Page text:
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Clinical data
Trade namesElspar, Spectrila, others
Other namescrisantaspase, colaspase
License data
  • AU: D
Routes of
Intramuscular (IM), intravenous (IV)
ATC code
Legal status
Legal status
  • AU: S4 (Prescription only)
  • CA: ℞-only
  • UK: POM (Prescription only)
  • US: ℞-only
  • EU: Rx-only
  • In general: ℞ (Prescription only)
Pharmacokinetic data
Elimination half-life39-49 hours (IM), 8-30 hours (IV)
  • E. coli L-asparagine amidohydrolase
CAS Number
  • none
CompTox Dashboard (EPA)
ECHA InfoCard100.029.774 Edit this at Wikidata
Chemical and physical data
Molar mass31732.06 g·mol−1
 ☒NcheckY (what is this?)  (verify)

Asparaginase is an enzyme that is used as a medication and in food manufacturing.[1][2] As a medication, L-asparaginase is used to treat acute lymphoblastic leukemia (ALL).[1] It is given by injection into a vein, muscle, or under the skin.[1] A pegylated version is also available.[3] In food manufacturing it is used to decrease acrylamide.[2]

Common side effects when used by injection include allergic reactions, pancreatitis, blood clotting problems, high blood sugar, kidney problems, and liver dysfunction.[1] Use in pregnancy may harm the baby.[4] As a food it is generally recognized as safe.[2] Asparaginase works by breaking down the amino acid known as asparagine without which the cancer cells cannot make protein.[1]

Asparaginase was approved for medical use in the United States in 1978.[3] It is on the World Health Organization's List of Essential Medicines.[5] It is often made from Escherichia coli or Erwinia chrysanthemi.[3][6]


Asparaginases can be used for different industrial and pharmaceutical purposes.


E. coli strains are the main source of medical asparaginase.[7] Branded formulations (with different chemical and pharmacological properties) available in 1998 include Asparaginase Medac, Ciderolase, and Oncaspar.[7]:5 (Crasnitin has been discontinued.) Spectrila is a new recombinant E. coli asparaginase.[8]

Asparaginase produced by Dickeya dadantii (formerly called Erwinia chrysanthemi) instead is known as crisantaspase (BAN), and is available in the United Kingdom under the trade name Erwinase.[9]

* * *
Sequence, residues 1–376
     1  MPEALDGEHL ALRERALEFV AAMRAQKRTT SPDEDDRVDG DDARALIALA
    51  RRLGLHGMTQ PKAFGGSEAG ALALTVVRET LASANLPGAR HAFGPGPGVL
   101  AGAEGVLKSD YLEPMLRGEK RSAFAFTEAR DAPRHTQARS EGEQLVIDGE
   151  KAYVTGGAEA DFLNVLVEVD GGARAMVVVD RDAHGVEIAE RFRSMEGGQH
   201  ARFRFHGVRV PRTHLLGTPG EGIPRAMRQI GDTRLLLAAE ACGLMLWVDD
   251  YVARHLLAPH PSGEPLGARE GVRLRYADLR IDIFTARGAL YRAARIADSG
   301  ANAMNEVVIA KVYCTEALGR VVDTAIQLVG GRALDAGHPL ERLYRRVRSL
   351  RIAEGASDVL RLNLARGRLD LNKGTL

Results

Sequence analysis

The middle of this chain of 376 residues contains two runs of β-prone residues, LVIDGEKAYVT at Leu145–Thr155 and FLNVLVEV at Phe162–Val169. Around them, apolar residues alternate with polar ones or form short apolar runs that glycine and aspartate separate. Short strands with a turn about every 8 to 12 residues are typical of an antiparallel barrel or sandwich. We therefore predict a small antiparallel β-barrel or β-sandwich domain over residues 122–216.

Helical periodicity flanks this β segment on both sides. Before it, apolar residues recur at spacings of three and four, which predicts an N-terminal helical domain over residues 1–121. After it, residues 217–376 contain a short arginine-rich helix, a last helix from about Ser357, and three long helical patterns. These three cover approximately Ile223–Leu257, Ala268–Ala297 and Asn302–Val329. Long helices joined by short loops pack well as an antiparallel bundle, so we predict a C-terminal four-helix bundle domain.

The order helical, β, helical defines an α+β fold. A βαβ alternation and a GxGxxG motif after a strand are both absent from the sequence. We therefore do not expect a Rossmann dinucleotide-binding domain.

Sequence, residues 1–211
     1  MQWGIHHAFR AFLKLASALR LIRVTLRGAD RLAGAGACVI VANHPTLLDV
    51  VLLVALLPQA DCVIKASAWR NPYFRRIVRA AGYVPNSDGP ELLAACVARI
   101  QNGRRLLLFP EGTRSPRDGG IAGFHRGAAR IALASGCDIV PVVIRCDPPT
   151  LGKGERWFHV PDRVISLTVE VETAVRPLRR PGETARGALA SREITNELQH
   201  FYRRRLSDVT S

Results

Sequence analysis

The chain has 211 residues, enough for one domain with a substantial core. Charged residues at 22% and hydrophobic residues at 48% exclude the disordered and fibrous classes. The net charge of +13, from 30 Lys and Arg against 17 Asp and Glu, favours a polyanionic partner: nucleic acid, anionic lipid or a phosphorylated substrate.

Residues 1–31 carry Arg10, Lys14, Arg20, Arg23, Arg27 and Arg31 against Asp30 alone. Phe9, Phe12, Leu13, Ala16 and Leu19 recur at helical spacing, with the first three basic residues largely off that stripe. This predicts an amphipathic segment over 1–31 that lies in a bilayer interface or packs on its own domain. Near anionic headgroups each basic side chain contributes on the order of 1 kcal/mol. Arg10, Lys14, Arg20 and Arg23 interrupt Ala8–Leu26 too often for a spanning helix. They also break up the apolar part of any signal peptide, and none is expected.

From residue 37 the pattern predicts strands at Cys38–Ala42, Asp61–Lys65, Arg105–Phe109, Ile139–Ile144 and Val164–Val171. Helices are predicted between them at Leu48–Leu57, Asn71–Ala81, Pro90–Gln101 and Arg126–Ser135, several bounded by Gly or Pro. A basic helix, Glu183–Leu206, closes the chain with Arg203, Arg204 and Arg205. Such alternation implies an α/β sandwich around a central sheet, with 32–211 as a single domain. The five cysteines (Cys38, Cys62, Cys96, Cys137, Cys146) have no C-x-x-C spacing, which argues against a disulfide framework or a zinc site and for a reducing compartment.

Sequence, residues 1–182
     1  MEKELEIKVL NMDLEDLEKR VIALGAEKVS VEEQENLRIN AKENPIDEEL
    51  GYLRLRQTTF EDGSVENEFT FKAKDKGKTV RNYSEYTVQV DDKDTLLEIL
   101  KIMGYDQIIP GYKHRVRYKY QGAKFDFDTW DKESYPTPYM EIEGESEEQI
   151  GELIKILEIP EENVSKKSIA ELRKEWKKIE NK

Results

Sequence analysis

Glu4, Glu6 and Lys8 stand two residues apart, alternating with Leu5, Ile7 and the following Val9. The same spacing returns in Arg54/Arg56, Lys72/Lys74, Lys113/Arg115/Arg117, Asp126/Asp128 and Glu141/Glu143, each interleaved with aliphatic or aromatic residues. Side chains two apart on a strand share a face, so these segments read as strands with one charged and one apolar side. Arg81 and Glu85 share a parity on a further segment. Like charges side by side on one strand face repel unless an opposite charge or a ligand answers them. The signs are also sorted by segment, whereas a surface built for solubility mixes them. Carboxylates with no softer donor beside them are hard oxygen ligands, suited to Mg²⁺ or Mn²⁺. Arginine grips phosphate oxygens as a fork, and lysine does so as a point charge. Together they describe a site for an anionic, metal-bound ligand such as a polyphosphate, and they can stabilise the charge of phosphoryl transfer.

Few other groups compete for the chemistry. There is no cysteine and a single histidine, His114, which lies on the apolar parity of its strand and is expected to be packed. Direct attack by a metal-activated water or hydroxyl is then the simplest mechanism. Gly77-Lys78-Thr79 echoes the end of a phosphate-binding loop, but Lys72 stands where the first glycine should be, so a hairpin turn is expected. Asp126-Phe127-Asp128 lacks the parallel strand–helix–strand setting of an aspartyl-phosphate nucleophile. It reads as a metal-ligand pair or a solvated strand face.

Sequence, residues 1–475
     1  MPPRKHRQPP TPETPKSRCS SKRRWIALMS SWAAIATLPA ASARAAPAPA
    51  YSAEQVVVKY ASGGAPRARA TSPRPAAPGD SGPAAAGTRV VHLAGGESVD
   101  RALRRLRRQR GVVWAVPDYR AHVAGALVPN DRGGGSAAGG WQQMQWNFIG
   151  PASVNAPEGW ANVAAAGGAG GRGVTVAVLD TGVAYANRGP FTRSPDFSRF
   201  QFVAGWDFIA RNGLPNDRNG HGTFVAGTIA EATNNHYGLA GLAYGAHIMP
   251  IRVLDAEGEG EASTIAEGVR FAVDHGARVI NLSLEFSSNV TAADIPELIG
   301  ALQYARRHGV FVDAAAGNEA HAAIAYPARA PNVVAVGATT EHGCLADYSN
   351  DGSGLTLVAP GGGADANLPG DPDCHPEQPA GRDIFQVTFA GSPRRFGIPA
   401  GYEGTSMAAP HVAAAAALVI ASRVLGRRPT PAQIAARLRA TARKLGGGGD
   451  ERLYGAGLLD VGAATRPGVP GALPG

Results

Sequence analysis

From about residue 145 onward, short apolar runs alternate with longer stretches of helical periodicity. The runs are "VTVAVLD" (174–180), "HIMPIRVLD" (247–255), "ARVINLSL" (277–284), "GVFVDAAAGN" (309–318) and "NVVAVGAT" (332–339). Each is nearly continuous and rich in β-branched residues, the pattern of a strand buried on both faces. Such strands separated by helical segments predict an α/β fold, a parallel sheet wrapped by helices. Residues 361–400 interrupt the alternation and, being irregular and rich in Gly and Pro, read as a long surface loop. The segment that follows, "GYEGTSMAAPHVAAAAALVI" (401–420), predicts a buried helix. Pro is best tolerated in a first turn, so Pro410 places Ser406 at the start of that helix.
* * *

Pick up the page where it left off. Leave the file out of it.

One of the E. coli asparaginases marketed under the brand name Elspar for the treatment of acute lymphoblastic leukemia (ALL)[9] is also used in some mast cell tumor protocols.[10]

Unlike most of other chemotherapy agents, asparaginase can be given as an intramuscular, subcutaneous, or intravenous injection without fear of tissue irritation.

Food manufacturing[edit]

The most common use of asparaginases is as a processing aid in the manufacture of food. Asparaginases are used as a food processing aid to reduce the formation of acrylamide, a suspected carcinogen, in starchy food products such as snacks, biscuits and fried potato.[11][12] Asparaginases are marketed under the brand names Acrylaway and PreventASe.

Side effects[edit]

The main side effect is an allergic or hypersensitivity reaction; anaphylaxis is a possibility.[9] Additionally, it can also be associated with a coagulopathy as it decreases protein synthesis, including synthesis of coagulation factors (e.g. progressive isolated decrease of fibrinogen) and anticoagulant factor (generally antithrombin III; sometimes protein C & S as well), leading to bleeding or thrombotic events such as stroke.[7] Bone marrow suppression is common but only mild to moderate, rarely reaches clinical significance and therapeutic consequences are rarely required.[13]

Other common side effects include pancreatitis. These side effects mainly attributes to the dual activity of L.Asparaginase as it can also hydrolysis L.Glutamine to Glutamic acid and ammonia

Mechanism of action[edit]

As a food processing aid[edit]